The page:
The Washington Post v. Thomas L. Fox, Jr.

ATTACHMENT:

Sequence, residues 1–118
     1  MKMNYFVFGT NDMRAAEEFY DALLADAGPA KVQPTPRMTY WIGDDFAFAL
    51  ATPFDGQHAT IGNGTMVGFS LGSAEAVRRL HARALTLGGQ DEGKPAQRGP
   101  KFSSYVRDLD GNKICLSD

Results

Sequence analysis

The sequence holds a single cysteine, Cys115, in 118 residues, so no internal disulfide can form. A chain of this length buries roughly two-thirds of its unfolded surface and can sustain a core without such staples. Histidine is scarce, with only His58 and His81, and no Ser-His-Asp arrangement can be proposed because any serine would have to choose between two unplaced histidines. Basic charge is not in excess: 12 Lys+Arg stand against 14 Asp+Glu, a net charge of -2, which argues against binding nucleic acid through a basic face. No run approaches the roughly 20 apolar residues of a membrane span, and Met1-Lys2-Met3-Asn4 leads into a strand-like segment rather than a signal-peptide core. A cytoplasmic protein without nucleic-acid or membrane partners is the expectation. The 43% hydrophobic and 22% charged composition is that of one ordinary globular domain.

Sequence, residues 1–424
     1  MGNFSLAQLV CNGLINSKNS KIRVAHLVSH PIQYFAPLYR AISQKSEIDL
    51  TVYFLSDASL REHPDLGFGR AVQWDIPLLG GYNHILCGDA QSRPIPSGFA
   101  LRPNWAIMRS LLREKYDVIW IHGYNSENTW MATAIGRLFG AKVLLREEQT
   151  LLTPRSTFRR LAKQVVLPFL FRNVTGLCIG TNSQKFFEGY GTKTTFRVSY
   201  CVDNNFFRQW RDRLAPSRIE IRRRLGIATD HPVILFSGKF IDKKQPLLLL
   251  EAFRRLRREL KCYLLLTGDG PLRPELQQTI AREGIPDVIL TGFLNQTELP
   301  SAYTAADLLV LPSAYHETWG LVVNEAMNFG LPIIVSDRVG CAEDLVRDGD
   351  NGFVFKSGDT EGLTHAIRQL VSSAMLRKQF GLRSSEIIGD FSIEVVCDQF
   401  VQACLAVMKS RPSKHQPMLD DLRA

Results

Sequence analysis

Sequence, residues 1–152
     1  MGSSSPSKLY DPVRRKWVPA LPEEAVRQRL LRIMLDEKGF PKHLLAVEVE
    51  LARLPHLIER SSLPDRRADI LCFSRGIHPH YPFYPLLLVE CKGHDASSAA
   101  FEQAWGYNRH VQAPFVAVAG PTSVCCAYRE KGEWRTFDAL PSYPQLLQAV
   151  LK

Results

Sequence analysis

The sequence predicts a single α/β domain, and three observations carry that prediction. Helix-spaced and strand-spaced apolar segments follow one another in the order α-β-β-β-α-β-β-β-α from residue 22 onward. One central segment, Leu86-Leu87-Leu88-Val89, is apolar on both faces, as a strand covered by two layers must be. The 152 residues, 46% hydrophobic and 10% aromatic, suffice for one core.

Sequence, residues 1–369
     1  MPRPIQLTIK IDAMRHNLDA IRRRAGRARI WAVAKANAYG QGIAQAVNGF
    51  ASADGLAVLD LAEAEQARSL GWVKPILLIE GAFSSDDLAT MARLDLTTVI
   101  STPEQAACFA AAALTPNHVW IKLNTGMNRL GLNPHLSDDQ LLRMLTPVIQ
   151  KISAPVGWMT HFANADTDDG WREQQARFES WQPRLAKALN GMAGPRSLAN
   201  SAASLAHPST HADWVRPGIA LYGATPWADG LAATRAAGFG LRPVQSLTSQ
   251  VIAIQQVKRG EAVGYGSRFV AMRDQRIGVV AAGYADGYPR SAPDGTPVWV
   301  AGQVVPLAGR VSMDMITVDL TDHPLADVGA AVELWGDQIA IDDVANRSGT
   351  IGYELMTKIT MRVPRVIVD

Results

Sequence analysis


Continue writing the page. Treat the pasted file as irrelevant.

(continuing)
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COURT OF APPEALS OF VIRGINIA Present: Judges Frank, Clements and Senior Judge Fitzpatrick Argued at Richmond, Virginia THE WASHINGTON POST v. OPINION BY JUDGE JOHANNA L. FITZPATRICK MAY 8, 2007 Record No. 1974-06-4 THOMAS L. FOX, JR. FROM THE VIRGINIA WORKERS COMPENSATION COMMISSION William H. Schladt (Ward & Klein, Chartered, on brief), for appellant. Andrew S. Kasmer for appellee. The Washington Post (employer) appeals a decision of the Workers Compensation Commission ordering it to pay compensation owed to Thomas L. Fox, Jr. (claimant) through October 1, 2001, pursuant to the commission s March 19, 1993 award, and assessing a twenty percent penalty on unpaid compensation pursuant to Code § 65.2-524. Employer contends the commission erred in (1) determining that employer was required to pay accrued benefits under an award after claimant returned to full-duty work for employer at a wage equal to or greater than his pre-injury wage; and (2) assessing a twenty percent penalty on accrued benefits under an award where claimant did not suffer any wage loss. Finding no error, we affirm. Background On March 3, 1992, while working for employer as a journeyman mailer, claimant sustained a herniated disc. Employer accepted the claim as compensable, and filed the appropriate paperwork with the commission for it to enter an award. On October 19, 1992, the commission entered an award providing claimant temporary total disability (TTD) benefits at the compensation rate of $418 weekly from March 2, 1992 through March 6, 1992 and TTD benefits at the same compensation rate from March 8, 1992 and continuing, along with medical benefits for as long as necessary. On March 19, 1993, the commission entered a supplemental award pursuant to a Supplemental Memorandum of Agreement filed by employer, awarding claimant temporary partial disability (TPD) benefits at the compensation rate of $355.18 weekly beginning January 16, 1993 and continuing, as well as medical benefits for as long as necessary. It is undisputed that as of April 14, 1996, claimant returned to work with employer in a full-duty capacity at a wage equal to or greater than his pre-injury average weekly wage and that employer paid compensation benefits, due under the March 19, 1993 award, to claimant through April 13, 1996. On April 14, 1996, without filing the appropriate paperwork with the commission, employer unilaterally ceased paying compensation benefits to claimant. Claimant denied receiving an Agreed Statement of Fact or any other paperwork from employer when he returned to full-duty or thereafter. In a Request for Information dated March 24, 1993, sent to employer, the commission asked employer to verify that it had corrected an underpayment to claimant for the period from March 8, 1992 through January 15, 1993. Continental Loss Adjusting Service ( Continental )1 replied to the commission on April 9, 1993, indicating that it had corrected the underpayment. In a letter dated December 16, 1993 from Betsy J. Anderson, an Assistant Claims Examiner for the commission, to Continental, the commission notified employer s adjuster as follows: Our records indicate an outstanding award in this case. The Commission assumes that payments are continuing pursuant to the award. If payments have ceased, an executed Agreed Statement of 1 Employer is self-insured. -2- Fact or an Employer s Application for Hearing must be filed to end the award. Any recent medical reports should also be promptly filed with the Commission. Neither the adjuster nor employer responded to the commission. Letters dated December 15, 1994 and December 18, 1996, with the exact same content as the December 16, 1993 letter, were sent by the commission to employer s insurance adjusting service.2 Neither the adjuster nor employer responded to the December 15, 1994 letter. In a letter dated January 2, 1997, Dorothy Fritz, a Gallagher claims representative, wrote to the commission indicating that she had received the commission s December 18, 1996 letter. Fritz requested that the commission send her copies of all awards in the case so that she could file the proper forms. In a letter dated December 30, 1997 to Fritz, Anderson indicated that the January 2, 1997 letter had been brought to her attention. Anderson enclosed copies of all awards and agreement forms. Anderson specifically noted the employee remains under an outstanding temporary partial disability award dated March 19, 1993. In letters dated January 5, 1998, January 6, 1999, and June 7, 2000, from Anderson to Gallagher, the commission again notified employer through its insurance adjuster that claimant remained under an open award, that the commission assumed payments were continuing pursuant to that award, and if they had ceased, appropriate agreement forms or an employer s application must be filed to end the award. By letter dated August 1, 2000, Tracey Probst, a claims adjuster for Gallagher, responded to the commission s June 7, 2000 letter. Probst indicated that Gallagher s office was in the 2 The December 18, 1996 letter was sent to Gallagher Bassett Services, Inc. ( Gallagher ), which had recently taken over handling of the claim for employer. -3- process of relocating, and as soon as they obtained the physical file, the matter would be addressed. In letters dated December 21, 2001 and January 2, 2003, the commission again notified employer through Gallagher that claimant remained under an open award, that the commission assumed payments were continuing pursuant to that award, and if they had ceased, appropriate agreement forms or an employer s application must be filed to end the award. Neither the adjusting company nor employer responded to those letters. In a letter dated July 26, 2004, the commission notified employer through Gallagher that claimant has now received the maximum 500 weeks of compensation benefits. In order that our records may be complete, advise us in writing of the total amount of compensation paid in this case. Neither Gallagher nor employer responded. By letter dated August 27, 2004, the commission asked for a prompt response to its July 26, 2004 letter. On September 7, 2004, the commission received a memo from Gallagher indicating that the total compensation paid on the claim was $62,319.39. The commission terminated the award, but pursuant to a preliminary audit found that employer had underpaid benefits due under the March 19, 1993 award in the amount of $99,442.83. By notice dated September 27, 2004, the commission requested that employer verify that it had corrected the underpayment. Neither employer nor its adjuster responded to the commission. On December 10, 2004, the commission notified employer, Gallagher, and claimant of the results of its preliminary audit and suggested that claimant review his records to determine if all compensation due had been paid by employer. On April 4, 2005, approximately nine years after employer unilaterally ceased paying compensation benefits to claimant under the March 19, 1993 award, employer filed an application with the commission to terminate that award on the ground that claimant returned to full-duty work on April 14, 1996, at a wage equal to or greater than his pre-injury average -4- weekly wage. The commission rejected employer s application because no open award existed at that time. Five hundred weeks of compensation under the March 19, 1993 award expired on October 1, 2001, and the commission had terminated the award on September 7, 2004.3 On April 20, 2005, claimant filed an application alleging employer had underpaid him by not providing him TPD benefits in the weekly amount of $355.18 under the March 19, 1993 open award from April 13, 1996 through October 1, 2001. Claimant also sought interest and a twenty percent penalty on all unpaid compensation.4 The deputy commissioner conducted an evidentiary hearing on claimant s application on January 11, 2006 and declined to award back benefits and assess interest and a penalty. The deputy commissioner concluded that such an award would unjustly enrich claimant. The full commission reversed the deputy commissioner s decision and ordered employer to bring all compensation under the March 19, 1993 award current through October 1, 2001, including a twenty percent penalty on unpaid compensation. The commission reasoned as follows: [T]he only issue before the Commission was whether the carrier should be ordered to bring compensation under the award up to date and to assess a penalty on unpaid benefits. The deputy commissioner s finding that the claimant suffered no lost wages because of a return to pre-injury work, and thus that an award would be inappropriate, was error. Moreover, the finding that an order requiring payment of compensation would result in unjust enrichment, because of compensation received for other injuries, concerned an issue not properly before the Commission, and under the clear instruction of the Court in Washington [v. United Parcel 3 We note that neither the commission s record nor the appendix filed in this appeal contain employer s April 4, 2005 application or any document showing the commission s rejection of that application. However, the parties do not dispute that employer filed the April 4, 2005 application and that the commission rejected it. In addition, the commission s July 27, 2006 opinion refers to employer s April 4, 2005 application and its rejection. Accordingly, we conclude that the omission of those documents does not prevent us from disposing of this case on appeal, where the commission s opinion adjudicated claimant s April 20, 2005 application. 4 Code § 65.2-524 provides that [i]f any payment is not paid within two weeks after it becomes due, there shall be added to such unpaid compensation an amount equal to twenty percent thereof, unless certain conditions apply, which are not applicable to this case. -5- Serv. of America, 267 Va. 539, 593 S.E.2d 229 (2004)], should not have been addressed. Thus, a final order awarding benefits to the claimant was in place, and there was no dispute that it was not satisfied. There was no subsequent order modifying the existing order, see Code § 65.2-708, and there was no request by the employer to modify the existing order. Accordingly, under Code § 65.2-524, a 20% penalty is owed on such unpaid compensation. The only distinguishing fact, when applying the Washington decision, was that here the Award had ended because of the expiration of the 500-week maximum benefit period, whereas in Washington, the award was still open. Importantly, however, there was no dispute here that the Award, during the period April 14, 1996, to October 1, 2001, was open, in that it was never modified, suspended, or terminated. Thus, it continued to be conclusive and binding on the issue of the payment of benefits. Code § 65.2-524 requires the payment of a 20% penalty on unpaid compensation, and here it was not disputed that accrued benefits under the Award were unpaid. The closing of the Award upon the expiration of the 500-week maximum benefit period did not affect the character of the Award before the running of that period. Employer appeals the commission s decision. Analysis Code § 65.2-708 provides in its pertinent part as follows: No . . . review [on the ground of a change in condition] shall be made after twenty-four months from the last day for which compensation was paid, pursuant to an award under this title, except . . . [under certain circumstances inapplicable to this case]. The commission s Rule 1.4(C) requires an employer to continue paying benefits due under an open award through the date it files a change-in-condition application. If the application alleges the employee returned to work, payment must be made to the date of the return. Id. However, [n]o change in condition application under § 65.2-708 . . . shall be accepted unless filed within two years from the date compensation was last paid pursuant to an award. Rule 1.4(E). -6- It is undisputed that employer stopped paying claimant compensation benefits under the then outstanding March 19, 1993 award, when he returned to full-duty work for employer on April 14, 1996. In addition, it is undisputed that employer did not file appropriate paperwork or an application to terminate the March 19, 1993 award until April 4, 2005, well outside the two-year period provided for doing so under Code § 65.2-708, and in violation of Rule 1.4. This lack of diligence spanned a nine-year period of time and at least seven requests by the commission for a response to its notifications that an award was outstanding. Thus, the commission properly rejected employer s April 4, 2005 change-in-condition application.5 Employer erroneously asserts that [c]laimant s right to receive worker s compensation benefits terminated upon his returning to his pre-injury employment. That statement is contrary to the provisions of the Act and the commission s rules and completely ignores employer s obligation in this case to comply with Code § 65.2-708 and Rule 1.4. Moreover, no legal authority supports employer s argument that, under the facts of this case, it should be excused from the consequences of its decision to unilaterally stop paying claimant compensation benefits due under the March 19, 1993 outstanding award, when he returned to work with employer in April 1996, without filing the appropriate paperwork or an employer s application with the commission to terminate that award. As of April 14, 1996, employer knew that claimant had returned to full-duty work for employer at a wage equal to or greater than his pre-injury average weekly wage. Between December 1993 and June 2000, employer and/or its insurance adjusting company received seven notifications from the commission that an open award remained outstanding. The commission provided the same notification to employer and/or its insurance adjusting company in 2001 and 5 We note that employer did not appeal the rejection of its application to the full commission. -7- 2003. Yet, despite these repeated notices from the commission, employer took no action to file the appropriate paperwork or an employer s application with the commission to terminate claimant s open award. Rather, it unilaterally ceased paying him benefits, which were due and owed under that award. Finally, approximately nine years after employer stopped paying claimant the benefits he was owed under the March 19, 1993 award, employer, on April 4, 2005, filed an application to terminate that award. Employer provided no excuse whatsoever for its failure to comply with the Act s requirements and commission s Rule 1.4(C). Furthermore, no evidence showed that claimant violated any duty owed by him under the commission s rules or the Act. Thus, no grounds exist in this case to apply equity. The equitable doctrines set forth in Lam v. Kawneer Co., Inc., 38 Va. App. 515, 518-20, 566 S.E.2d 874, 875-76 (2002), are inapplicable to a situation, such as this, where an employer simply ignores the law and fails to file the appropriate forms. [T]he relevant statutes do not give an employer or carrier the unilateral right to cease paying compensation benefits to a disabled employee under an outstanding award when that employee returns to work and the employer or carrier does not file an application or agreed statement of facts along with a supplemental memorandum of agreement. Washington, 267 Va. at 545, 593 S.E.2d at 232. See also Genesis Health Ventures, Inc. v. Pugh, 42 Va. App. 297, 300-01, 591 S.E.2d 706, 707-08 (2004) (finding Lam equitable principles inapplicable where commission sent two letters to employer notifying it of open award and its obligation to file appropriate paperwork, and employer took no action within two years of unilaterally ceasing payment of benefits to claimant when he returned to work with employer). In Lam, unlike this case, Lam returned to work for an employer different from his pre-injury employer, and he failed to provide Kawneer or the commission with information regarding his new employment status, even though Kawneer requested such information. Lam, 38 Va. App. at 519, 566 S.E.2d at 876. Lam did not dispute that he neglected to comply with -8- the notice requirements of Code § 65.2-712. Id. Here, claimant did not fail to perform any acts required of him by the Act or the commission s rules, and because he returned to work for employer, it had full knowledge of the date of such return and the wages he earned. Here, unlike Lam, employer had sufficient information to file appropriate paperwork with the commission to terminate the award or to file an employer s application, but ignored the commission s inquiries, took no action, and instead, unilaterally ceased paying claimant benefits due and owed under the March 19, 1993 award in violation of the Act and the commission s rules. Employer contended during oral argument that the remand language included by the Supreme Court in Washington limited its holding. Employer argued that language indicated that, under circumstances similar to this case where an employer unilaterally ceased paying benefits under an open award, a claimant would only be entitled to payment of benefits for periods when he was actually not working, rather than for the entire period of time the employer failed to pay benefits due under the open award. We disagree. In Washington, the Supreme Court specifically stated the only issue properly before it was whether this Court erred in affirming the commission s denial of Washington s request for it to assess a twenty percent penalty against the employer s insurance carrier for its failure to pay him benefits under an open award. Id. at 541, 545, 593 S.E.2d at 230, 232. Similar to the facts of this case, the employer in Washington unilaterally ceased paying benefits to the claimant when he returned to full-duty pre-injury employment without filing the appropriate paperwork with the commission. Id. at 542, 593 S.E.2d at 230. Under those circumstances, the Supreme Court held that the open award remained valid and employer was responsible for a twenty percent penalty on benefits that were not paid within two weeks after they were due. Id. at 546, 593 S.E.2d at 233. In its remand instructions to this Court and the commission, the Supreme Court in Washington first remanded the case for further proceedings in connection with the -9- claim arising from the September 1999 injury, [the injury which was the subject of the valid May 16, 2000 open award], id. at 547, 593 S.E.2d at 233, and then instructed the commission upon remand to enter an award for additional benefits sought by Washington in his separate change-in-condition application related to a period of time that he was again medically unable to work, plus an additional twenty percent penalty. Id. Thus, we find nothing to distinguish the Supreme Court s underlying holding in Washington related to the validity of the open award and the assessment of the penalty from this case. In addition, the principles set forth below espoused by this Court in Uninsured Employer s Fund v. Peters, 43 Va. App. 731, 601 S.E.2d 687 (2004), are equally pertinent to this case. The general principle is well established that an employee becomes vested with the right to receive workers compensation benefits under an award in his favor so long as the award remains outstanding. Equally well established is the principle that the commission s rules are binding in law upon the parties and the Commission as well. These principles are of long standing and are designed to eliminate unilateral failures to comply with awards. The employer and the insurance carrier were charged with knowledge of the rule, and the harsh result here complained of is of their own making. It is brought about by their failure or refusal to make application for a hearing . . . [when] claimant resumed work . . . . Instead of filing for a hearing on the ground of a change of condition they took the matter into their own hands and terminated the compensation payments in the face of the pre-existing award. The rule was adopted to require prompt payment of compensation to all claimants entitled thereto. One of its purposes was to eliminate the result which took place in this case, that is, the arbitrary discontinuance of compensation by the employer and the insurance carrier without legal sanction. Id. at 736-37, 601 S.E.2d at 690 (citations omitted). - 10 - For these reasons, we affirm the commission s decision. Affirmed. - 11 -